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Case report
Diagnostic delay in a case of T-cell neurolymphomatosis
  1. Vivien Li1,
  2. Zane Jaunmuktane1,2,
  3. Kate Cwynarski3 and
  4. Aisling Carr4
  1. 1National Hospital for Neurology and Neurosurgery, University College London Hospitals NHS Foundation Trust, London, UK
  2. 2Department of Clinical and Movement Neurosciences, University College London, London, UK
  3. 3Department of Haematology, University College London Hospitals NHS Foundation Trust, London, UK
  4. 4Centre for Neuromuscular Diseases, National Hospital for Neurology and Neurosurgery, University College London Hospitals NHS Foundation Trust, London, UK
  1. Correspondence to Dr Aisling Carr; aisling.carr{at}


A 69-year-old woman presented with severe subacute painful meningoradiculoneuritis. Neurophysiology showed a patchy, proximal axonal process with widespread denervation. Cerebrospinal fluid (CSF) was lymphocytic (normal T-cell predominant) with negative cytology. MRI revealed multiple sites of enhancement, but fluorodeoxyglucose positron emission tomography was negative. Bone marrow aspirate and trephine (BMAT) showed no evidence of a lymphoproliferative condition. Right brachial plexus biopsy demonstrated mixed T-cell/B-cell endoneurial inflammation not fulfilling criteria for vasculitis. She was stabilised with high-dose steroids and cyclophosphamide, followed by mycophenolate for inflammatory myeloradiculoneuritis. However, symptoms recurred when prednisolone was weaned. Although T-cell receptor gene analysis from the initial CSF demonstrated clonal rearrangements, it was only when the same clones were identified on two repeat BMATs and CSF that T-cell neurolymphomatosis, an exceedingly rare condition, was diagnosed. This case highlights the diagnostic challenge in peripheral neurolymphomatosis related to patchy disease, variable sensitivity and specificity of investigative tools, and the influence of therapies on traditional cytological definitions of lymphoma. The clinical picture, exhaustive exclusion of alternative causes and the persistence of an abnormal T-cell clone ultimately lead to a diagnostic consensus between specialist neurology and haematology clinicians.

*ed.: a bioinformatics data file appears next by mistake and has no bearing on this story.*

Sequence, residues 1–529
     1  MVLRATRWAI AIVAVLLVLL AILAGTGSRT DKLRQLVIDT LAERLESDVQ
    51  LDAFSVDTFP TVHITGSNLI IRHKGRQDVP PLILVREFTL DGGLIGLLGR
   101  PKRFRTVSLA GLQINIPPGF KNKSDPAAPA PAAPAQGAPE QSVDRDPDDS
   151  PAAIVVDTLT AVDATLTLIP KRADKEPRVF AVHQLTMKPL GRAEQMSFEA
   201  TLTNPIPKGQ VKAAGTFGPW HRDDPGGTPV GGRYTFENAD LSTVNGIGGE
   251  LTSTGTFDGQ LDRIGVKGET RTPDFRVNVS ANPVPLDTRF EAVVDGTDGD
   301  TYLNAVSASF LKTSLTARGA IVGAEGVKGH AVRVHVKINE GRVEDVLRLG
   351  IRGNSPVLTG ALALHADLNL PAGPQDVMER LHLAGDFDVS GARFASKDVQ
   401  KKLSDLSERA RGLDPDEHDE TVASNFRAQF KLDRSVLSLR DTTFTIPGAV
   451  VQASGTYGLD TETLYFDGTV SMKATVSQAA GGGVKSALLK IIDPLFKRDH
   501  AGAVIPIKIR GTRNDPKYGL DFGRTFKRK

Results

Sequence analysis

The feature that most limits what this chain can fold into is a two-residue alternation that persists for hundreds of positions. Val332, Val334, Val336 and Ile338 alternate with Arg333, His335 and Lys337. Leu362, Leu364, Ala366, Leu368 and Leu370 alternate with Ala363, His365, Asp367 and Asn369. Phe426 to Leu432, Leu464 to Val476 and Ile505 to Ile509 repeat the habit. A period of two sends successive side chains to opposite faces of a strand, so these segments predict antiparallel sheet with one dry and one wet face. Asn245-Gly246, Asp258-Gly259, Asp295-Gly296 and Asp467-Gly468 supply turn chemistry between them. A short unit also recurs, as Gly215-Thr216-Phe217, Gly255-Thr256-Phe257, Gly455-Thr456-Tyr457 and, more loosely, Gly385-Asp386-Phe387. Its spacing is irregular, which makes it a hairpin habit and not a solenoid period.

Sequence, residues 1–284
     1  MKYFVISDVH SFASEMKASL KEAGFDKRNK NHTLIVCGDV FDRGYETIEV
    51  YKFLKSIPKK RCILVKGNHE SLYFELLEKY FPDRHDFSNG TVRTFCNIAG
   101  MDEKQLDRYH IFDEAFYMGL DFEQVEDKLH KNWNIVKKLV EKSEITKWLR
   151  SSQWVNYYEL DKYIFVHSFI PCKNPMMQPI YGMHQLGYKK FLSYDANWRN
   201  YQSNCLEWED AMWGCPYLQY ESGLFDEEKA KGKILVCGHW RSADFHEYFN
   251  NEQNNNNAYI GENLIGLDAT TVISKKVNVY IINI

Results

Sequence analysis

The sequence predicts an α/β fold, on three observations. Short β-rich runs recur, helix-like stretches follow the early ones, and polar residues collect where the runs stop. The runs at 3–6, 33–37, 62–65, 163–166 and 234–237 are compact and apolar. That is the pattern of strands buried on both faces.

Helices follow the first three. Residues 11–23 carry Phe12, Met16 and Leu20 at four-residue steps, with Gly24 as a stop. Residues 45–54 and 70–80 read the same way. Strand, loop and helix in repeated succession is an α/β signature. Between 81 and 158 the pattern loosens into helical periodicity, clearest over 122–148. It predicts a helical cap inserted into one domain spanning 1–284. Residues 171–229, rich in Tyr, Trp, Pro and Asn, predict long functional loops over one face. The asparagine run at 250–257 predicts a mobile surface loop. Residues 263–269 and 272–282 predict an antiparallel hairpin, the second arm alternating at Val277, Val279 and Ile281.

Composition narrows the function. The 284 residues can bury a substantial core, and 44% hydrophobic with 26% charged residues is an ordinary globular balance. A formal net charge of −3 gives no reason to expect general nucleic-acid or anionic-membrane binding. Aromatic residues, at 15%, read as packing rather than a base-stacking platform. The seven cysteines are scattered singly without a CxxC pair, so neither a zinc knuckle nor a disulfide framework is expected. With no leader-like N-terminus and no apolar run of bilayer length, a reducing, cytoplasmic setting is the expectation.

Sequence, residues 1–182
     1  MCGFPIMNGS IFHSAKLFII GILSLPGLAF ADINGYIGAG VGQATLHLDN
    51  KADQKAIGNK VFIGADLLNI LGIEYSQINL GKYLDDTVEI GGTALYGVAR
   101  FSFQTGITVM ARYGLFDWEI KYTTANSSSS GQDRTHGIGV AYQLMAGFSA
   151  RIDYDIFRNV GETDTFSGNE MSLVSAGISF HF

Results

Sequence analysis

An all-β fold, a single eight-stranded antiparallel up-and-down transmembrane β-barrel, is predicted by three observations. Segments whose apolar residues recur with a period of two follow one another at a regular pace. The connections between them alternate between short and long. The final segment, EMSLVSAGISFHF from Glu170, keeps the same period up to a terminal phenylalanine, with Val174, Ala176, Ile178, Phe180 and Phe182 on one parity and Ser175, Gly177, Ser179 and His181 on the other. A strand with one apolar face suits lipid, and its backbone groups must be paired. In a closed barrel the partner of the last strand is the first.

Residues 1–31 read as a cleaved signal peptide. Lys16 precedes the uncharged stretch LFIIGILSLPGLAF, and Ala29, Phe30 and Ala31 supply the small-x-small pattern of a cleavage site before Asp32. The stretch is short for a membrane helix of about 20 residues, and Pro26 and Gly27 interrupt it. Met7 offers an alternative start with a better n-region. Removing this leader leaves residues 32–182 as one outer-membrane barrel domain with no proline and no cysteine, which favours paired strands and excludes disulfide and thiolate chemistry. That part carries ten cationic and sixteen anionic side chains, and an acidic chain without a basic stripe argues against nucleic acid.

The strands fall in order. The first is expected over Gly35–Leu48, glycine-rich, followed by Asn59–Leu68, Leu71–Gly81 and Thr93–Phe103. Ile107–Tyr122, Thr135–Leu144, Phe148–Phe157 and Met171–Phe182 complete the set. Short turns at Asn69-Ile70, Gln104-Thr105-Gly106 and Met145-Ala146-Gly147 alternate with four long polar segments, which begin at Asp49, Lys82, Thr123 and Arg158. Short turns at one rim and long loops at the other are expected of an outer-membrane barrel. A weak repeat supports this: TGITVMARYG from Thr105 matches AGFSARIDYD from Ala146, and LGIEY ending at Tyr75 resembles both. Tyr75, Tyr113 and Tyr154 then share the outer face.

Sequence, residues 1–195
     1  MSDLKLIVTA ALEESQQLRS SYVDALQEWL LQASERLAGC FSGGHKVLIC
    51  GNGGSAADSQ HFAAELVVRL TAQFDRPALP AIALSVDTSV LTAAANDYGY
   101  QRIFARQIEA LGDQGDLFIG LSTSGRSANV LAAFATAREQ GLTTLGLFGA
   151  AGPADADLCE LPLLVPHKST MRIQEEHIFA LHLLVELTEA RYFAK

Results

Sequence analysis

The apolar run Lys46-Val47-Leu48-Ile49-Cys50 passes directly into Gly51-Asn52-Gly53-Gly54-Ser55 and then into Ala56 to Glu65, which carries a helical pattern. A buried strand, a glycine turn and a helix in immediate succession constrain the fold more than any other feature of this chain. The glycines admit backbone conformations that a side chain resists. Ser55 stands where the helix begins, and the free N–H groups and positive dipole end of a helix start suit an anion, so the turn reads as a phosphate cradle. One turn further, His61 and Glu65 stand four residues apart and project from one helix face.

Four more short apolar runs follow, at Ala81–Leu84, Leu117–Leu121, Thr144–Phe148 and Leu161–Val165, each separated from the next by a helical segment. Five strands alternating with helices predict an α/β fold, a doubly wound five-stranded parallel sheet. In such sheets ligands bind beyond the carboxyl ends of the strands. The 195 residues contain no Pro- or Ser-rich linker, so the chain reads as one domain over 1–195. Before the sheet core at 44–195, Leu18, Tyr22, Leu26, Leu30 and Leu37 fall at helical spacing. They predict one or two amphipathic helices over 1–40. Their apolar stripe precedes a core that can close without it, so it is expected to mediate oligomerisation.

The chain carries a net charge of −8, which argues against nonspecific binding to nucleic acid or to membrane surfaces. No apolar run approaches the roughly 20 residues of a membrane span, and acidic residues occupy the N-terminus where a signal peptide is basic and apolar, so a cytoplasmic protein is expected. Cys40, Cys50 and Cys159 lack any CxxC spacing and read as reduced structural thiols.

• neuromuscular disease
  • peripheral nerve disease
  • haematology (incl blood transfusion)
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  • Contributors AC identified the case, had the idea for the article and is the guarantor. VL performed the literature search and wrote the article. ZJ contributed to the interpretation of the data and revised the manuscript critically for important intellectual content. AC and KC managed the case. All authors approved the final version.

  • Funding The authors have not declared a specific grant for this research from any funding agency in the public, commercial or not-for-profit sectors.

  • Competing interests None declared.

  • Patient consent for publication Next of kin consent obtained.

  • Provenance and peer review Not commissioned; externally peer reviewed.

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